Hartford Public Schools welcome Puerto Rican teachers to combat local shortage

Hartford Public Schools welcomed 12 new teachers from Puerto Rico on Wednesday as part of the district’s effort to fill vacancies and enhance cultural enrichment.

A total of 16 bilingual educators from the island will join the school system’s ranks, teaching English as a second language, world language, math, science and special education at all grade levels through Hartford’s new Paso a Paso Puerto Rico Recruitment Program.


Paso a Paso, meaning step by step in English, is a metaphor that nods to the path the Puerto Rican teachers take to receive their Connecticut teaching certificate and to build a colleague network of support. The Hartford district launched the program in February to slowly eliminate staff vacancies.

For many of the teachers, who range from recent college graduates to educators with decades of experience, the move to Hartford was their first time leaving Puerto Rico. Now they are eager to make Connecticut their new permanent home.


“I made this move because I wanted to have experiences with other cultures and grow with the students,” Jarlene Marrero said.

Marrero will be teaching second-grade Spanish this year. She said that this opportunity, at times, makes her emotional.

“I’m very excited,” Marrero said. “I think I cry every day because I feel like I made this move to be a better professional, and I just wanted to have a change, and I know that here I can grow.”

Chief Academic Officer of Hartford Public Schools Madeline Negron said Paso a Paso will not only help educators, but also the students, more than 20% of whom are English learners.

“Fifty-six percent of our population is Latino or Hispanic. I believe that this will be an asset,” Negron said. “For the students who might feel a little more comfortable that they know they have somebody in front of them who understands their culture, understands their language, has similar experiences — I think it just immediately creates that connection between the teacher and a student.”

Raquel Carcorze, who will teach second-grade Spanish, said that she was inspired to pursue this opportunity to help students on the journey to becoming bilingual, a challenge that she can relate to.

“In my house, we didn’t talk English, but in school, I had to learn it and I struggled a lot. So I think it’s my time and my turn to help students living with similar situations,” Carcorze said.

Daniel Diaz has worked as a consultant recruiting teachers from Puerto Rico for 15 years and worked on Paso a Paso from the beginning advertisement stages. Diaz coached the applicants with their interviews and now is helping the newly hired teachers access housing and transportation in Hartford.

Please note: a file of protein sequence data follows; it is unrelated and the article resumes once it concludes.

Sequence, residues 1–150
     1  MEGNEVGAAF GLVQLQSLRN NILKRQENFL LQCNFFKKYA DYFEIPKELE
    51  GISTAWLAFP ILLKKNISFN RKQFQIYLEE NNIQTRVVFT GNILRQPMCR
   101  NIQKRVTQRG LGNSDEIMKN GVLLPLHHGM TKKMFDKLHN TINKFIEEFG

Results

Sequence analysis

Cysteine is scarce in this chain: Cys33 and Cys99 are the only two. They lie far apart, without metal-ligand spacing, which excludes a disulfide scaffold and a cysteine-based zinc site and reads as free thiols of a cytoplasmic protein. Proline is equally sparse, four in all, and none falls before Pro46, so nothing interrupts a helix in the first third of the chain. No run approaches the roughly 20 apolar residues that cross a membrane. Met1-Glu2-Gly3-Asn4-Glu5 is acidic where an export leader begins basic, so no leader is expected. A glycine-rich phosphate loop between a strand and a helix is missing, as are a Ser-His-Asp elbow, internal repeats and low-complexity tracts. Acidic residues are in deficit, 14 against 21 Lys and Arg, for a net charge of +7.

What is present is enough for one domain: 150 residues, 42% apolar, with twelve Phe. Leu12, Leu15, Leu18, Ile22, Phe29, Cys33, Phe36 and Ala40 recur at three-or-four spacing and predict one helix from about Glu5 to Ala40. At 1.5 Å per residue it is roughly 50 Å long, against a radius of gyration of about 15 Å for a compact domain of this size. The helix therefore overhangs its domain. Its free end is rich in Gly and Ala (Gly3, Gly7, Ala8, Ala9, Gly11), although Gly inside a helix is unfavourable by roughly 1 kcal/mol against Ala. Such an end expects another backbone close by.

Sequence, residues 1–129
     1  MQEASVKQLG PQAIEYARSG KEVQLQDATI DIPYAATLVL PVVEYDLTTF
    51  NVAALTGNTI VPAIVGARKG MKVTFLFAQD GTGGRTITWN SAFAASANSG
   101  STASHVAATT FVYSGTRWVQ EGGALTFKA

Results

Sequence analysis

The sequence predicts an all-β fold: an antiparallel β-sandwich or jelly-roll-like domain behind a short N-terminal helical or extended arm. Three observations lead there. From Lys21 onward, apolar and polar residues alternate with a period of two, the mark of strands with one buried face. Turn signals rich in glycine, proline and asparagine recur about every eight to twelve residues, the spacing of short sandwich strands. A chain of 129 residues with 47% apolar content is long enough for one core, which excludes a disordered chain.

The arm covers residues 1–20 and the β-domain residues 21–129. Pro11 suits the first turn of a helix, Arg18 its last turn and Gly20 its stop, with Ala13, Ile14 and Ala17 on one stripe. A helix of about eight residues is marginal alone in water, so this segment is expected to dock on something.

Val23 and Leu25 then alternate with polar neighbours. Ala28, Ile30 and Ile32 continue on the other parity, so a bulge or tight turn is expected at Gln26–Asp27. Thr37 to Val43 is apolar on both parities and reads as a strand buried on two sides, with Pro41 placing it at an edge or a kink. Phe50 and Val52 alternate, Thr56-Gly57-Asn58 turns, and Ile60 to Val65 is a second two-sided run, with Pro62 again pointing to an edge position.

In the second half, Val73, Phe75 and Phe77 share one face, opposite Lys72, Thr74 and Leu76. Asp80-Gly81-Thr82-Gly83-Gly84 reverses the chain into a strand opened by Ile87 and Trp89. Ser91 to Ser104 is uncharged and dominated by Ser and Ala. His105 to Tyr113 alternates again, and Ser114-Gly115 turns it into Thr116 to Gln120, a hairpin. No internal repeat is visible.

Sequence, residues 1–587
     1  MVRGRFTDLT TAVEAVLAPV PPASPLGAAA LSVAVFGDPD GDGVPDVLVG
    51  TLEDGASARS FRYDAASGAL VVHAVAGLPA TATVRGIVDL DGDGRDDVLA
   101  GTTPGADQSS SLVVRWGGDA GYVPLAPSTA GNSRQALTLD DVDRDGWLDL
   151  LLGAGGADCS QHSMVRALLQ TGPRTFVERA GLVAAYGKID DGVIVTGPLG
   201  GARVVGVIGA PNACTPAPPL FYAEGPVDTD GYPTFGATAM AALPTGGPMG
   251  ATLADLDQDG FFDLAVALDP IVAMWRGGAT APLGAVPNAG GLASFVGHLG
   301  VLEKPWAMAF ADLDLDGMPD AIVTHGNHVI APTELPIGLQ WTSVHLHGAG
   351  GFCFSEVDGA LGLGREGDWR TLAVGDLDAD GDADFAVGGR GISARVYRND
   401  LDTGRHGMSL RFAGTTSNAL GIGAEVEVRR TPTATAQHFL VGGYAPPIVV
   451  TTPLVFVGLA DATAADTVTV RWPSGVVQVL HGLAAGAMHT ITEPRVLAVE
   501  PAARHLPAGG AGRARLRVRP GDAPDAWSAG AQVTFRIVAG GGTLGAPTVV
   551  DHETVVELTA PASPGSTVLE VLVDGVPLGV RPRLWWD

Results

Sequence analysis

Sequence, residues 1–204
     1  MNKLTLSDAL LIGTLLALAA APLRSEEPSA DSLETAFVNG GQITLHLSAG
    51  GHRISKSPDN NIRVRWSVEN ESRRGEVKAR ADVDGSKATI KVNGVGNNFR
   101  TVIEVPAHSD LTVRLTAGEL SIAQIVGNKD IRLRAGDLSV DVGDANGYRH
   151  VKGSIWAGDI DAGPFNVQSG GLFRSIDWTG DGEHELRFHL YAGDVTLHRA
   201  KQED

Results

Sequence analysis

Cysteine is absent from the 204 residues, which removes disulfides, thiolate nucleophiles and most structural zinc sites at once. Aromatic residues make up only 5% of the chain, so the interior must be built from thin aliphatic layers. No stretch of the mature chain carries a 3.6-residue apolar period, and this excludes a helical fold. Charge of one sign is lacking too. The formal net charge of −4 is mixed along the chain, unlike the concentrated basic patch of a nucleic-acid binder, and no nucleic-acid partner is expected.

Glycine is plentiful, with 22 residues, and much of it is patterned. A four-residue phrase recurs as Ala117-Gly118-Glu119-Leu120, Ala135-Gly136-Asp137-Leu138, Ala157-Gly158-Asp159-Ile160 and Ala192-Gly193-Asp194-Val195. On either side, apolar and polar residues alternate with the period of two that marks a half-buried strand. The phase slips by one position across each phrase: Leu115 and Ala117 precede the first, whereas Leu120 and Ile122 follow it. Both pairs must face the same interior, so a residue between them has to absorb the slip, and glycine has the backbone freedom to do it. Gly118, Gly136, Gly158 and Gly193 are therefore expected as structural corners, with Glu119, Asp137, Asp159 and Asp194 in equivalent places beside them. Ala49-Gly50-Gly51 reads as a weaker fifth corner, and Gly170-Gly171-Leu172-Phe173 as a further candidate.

In a time of widespread burnout fueled by the pandemic, Diaz described the freshness and energy that the Paso a Paso educators are bringing into the coming school year.

“They have this excitement,” Diaz said. “Our students need enrichment. And a lot of that enrichment is brought from teachers from our area, but also those teachers who bring their cultural identity, they bring language, they bring history, they bring new ways of doing. There is an exchange of ideas, and I think that’s what’s really, really great.”

Before the COVID-19 pandemic, Hartford started to explore recruitment opportunities in Puerto Rico and ran a pilot program that brought three teachers to the district, all of whom are still working for Hartford schools.

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Adriana Beltrán Rodríguez, who will work as a lower-elementary Montessori teacher this fall, was one of those initial teachers. She said that she loves working in Hartford and is proud to see the program broaden its opportunities and support.

“When I came over, [Paso a Paso] wasn’t this developed, and it was definitely hard because there was only one other teacher that came from Puerto Rico, and I didn’t know her. So the fact that they’re really trying to connect them, it definitely will provide that sense of community that you feel like you lose when you leave home,” Beltrán Rodríguez said. “They still have their roots, and they have people that they can reach out to that are going through the same types of things.”

Additional support provided to Paso a Paso teachers includes a $5,000 signing bonus, $2,000 moving stipend and $2,000 for a housing security deposit.


Hartford Superintendent Leslie Torres-Rodriguez said that Hartford is working with intention to diversify its staff with an emphasis on recruitment, retention and support.

Torres-Rodriguez said that the program, which started with a goal of hiring 10 Puerto Rican teachers, received more than 40 applications. The district plans to build off this success by expanding recruitment efforts beyond Puerto Rico, forming partnerships with educators from historically Black colleges and universities, the Dominican Republic and the U.S. Virgin Islands, she said.

“We know that students benefit from diversity in their instructional staff. … We really are fortunate that we were able to bring such an experienced team,” Torres-Rodriguez said. “We’re learning a lot here and we’re hoping to expand.”

Alison Cross can be reached at